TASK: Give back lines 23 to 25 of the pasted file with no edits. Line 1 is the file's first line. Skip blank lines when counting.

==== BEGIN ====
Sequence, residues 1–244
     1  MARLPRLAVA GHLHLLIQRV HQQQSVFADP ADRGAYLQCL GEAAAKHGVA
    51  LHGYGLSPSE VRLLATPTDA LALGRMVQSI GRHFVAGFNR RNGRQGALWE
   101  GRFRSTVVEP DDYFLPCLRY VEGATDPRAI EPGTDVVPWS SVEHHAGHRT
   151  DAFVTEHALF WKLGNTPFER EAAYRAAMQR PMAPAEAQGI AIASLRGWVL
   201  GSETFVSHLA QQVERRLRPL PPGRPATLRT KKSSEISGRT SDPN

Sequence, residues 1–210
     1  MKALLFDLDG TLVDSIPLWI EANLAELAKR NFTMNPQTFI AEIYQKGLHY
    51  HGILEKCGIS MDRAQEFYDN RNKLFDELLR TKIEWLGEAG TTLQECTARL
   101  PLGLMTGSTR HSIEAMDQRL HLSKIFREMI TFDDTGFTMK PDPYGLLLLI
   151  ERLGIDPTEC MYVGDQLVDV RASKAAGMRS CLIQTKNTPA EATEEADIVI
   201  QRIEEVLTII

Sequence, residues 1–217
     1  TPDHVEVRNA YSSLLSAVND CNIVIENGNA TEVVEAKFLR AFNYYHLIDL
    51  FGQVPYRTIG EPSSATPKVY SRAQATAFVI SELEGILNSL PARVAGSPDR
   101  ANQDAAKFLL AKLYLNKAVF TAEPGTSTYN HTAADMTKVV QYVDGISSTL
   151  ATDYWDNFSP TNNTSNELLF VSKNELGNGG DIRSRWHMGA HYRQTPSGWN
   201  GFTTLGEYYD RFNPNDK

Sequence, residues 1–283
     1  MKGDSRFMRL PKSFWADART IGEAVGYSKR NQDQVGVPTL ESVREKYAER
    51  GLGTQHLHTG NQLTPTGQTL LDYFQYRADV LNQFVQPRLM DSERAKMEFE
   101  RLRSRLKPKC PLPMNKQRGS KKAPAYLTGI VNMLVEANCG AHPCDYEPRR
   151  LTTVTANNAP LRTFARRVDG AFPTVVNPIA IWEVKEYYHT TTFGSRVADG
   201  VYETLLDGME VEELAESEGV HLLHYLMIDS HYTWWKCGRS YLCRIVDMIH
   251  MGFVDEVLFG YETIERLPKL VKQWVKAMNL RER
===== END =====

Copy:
   151  LTTVTANNAP LRTFARRVDG AFPTVVNPIA IWEVKEYYHT TTFGSRVADG
   201  VYETLLDGME VEELAESEGV HLLHYLMIDS HYTWWKCGRS YLCRIVDMIH
   251  MGFVDEVLFG YETIERLPKL VKQWVKAMNL RER